"Hang Kasab in public."
"I want to slap him once."
“We should celebrate when he breathes his last.”
These were reactions from people who encountered Mohammed Ajmal Amir Kasab on November 26, 2008, but lived to see him being sentenced to death.
Chandrakant Tikhe, Cama Hospital’s lift operator whom Kasab and his ‘buddy’ Abu Ismail had used as a human shield to save themselves from the police’s bullets, felt hanging Kasab in prison was not enough.
“He should be hanged at Chhatrapati Shivaji Terminus in front of all the victims and their families,” said the 50-year-old. “We are suffering so much because of him. Each one of us should get a chance to flog him.”
Tikhe had come face-to-face with Kasab and Ismail when they stormed into the hospital on the night of the attacks. He told the terrorists that there was no one on the hospital’s terrace and saved 25 staffers who were hiding there.
Tikhe had suffered injuries in the cross firing between the police and terrorists. Two splinters from a hand grenade are still lodged in his neck.
“My right arm hurts a lot. I can hardly use it. It is difficult to even lift a bag of vegetables,” Tikhe said.
Karuna Waghela, who was widowed when Kasab and Ismail shot her husband, Thakur Waghela, outside their home in the Rang Bhawan lane that night, called Kasab a “demon”.
“I want to meet Kasab once to slap him before he gets hanged,” she said. “He should not even get chance to live one day now. He should be hanged as soon as possible.”
Karuna, who works as a sweeper at JJ Hospital, Byculla, is struggling to make ends meet. The family had stopped watching television because Kasab’s pictures would frighten her son, Yash.
“I had not switched television all these days, but today I wanted to see him getting the death sentence,” said Karuna, who now lives in Sion. “Since Yash got to know of Kasab’s verdict, he thinks his father will come back.”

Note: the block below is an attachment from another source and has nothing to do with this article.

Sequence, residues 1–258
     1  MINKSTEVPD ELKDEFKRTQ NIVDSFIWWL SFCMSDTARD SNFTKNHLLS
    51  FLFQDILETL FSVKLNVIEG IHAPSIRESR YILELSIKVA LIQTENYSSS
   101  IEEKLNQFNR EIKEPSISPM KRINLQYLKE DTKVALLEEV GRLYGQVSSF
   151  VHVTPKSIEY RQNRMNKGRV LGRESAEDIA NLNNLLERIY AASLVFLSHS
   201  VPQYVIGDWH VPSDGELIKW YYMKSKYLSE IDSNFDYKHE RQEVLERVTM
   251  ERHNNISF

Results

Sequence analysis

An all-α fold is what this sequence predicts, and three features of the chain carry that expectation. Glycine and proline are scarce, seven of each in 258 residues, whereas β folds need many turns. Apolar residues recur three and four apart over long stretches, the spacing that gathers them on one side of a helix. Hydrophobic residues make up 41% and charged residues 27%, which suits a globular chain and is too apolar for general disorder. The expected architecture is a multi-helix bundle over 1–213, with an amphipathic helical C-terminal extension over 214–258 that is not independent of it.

At Chhatrapati Shivaji Terminus, Railway Police Force (RPF) personnel distributed cream biscuits to commuters to celebrate the sentence.
“I was in court when the judgement was announced. I was happy to see Kasab’s sullen face,” said Inspector S. Kirtikar.
Kirtikar and his team fought Kasab and Ismail when they went around killing hapless commuters at the station. “We should have a grand celebration when Kasab breathes his last,” said K. Bhosale, an RPF personnel.
Railway announcer, V. Zende, who alerted commuters about the firing that night and saved many lives, welcomed the judgement.
“When Kasab was caught I wanted him to be given maximum punishment and am happy it has happened,” said Zende, who escaped bullets although the terrorists fired at his cabin.
Commuters also appreciated the judgement. “We have proved that India is not a soft state and can give a fitting reply to terrorists,” said S. Date, a commuter.
Mohammed Toufiq Shaikh (28), a tea vendor at CST who survived the attack, celebrated the sentencing by distributing free tea.
“I am happy that I at least made an attempt to save lives and called the helpline number,” Shaikh said.
His unique way of remembering the helpline number 9833331111 came in handy that night. “It’s 98, followed by a combination of four 3s and four aces, like in a pack of cards.”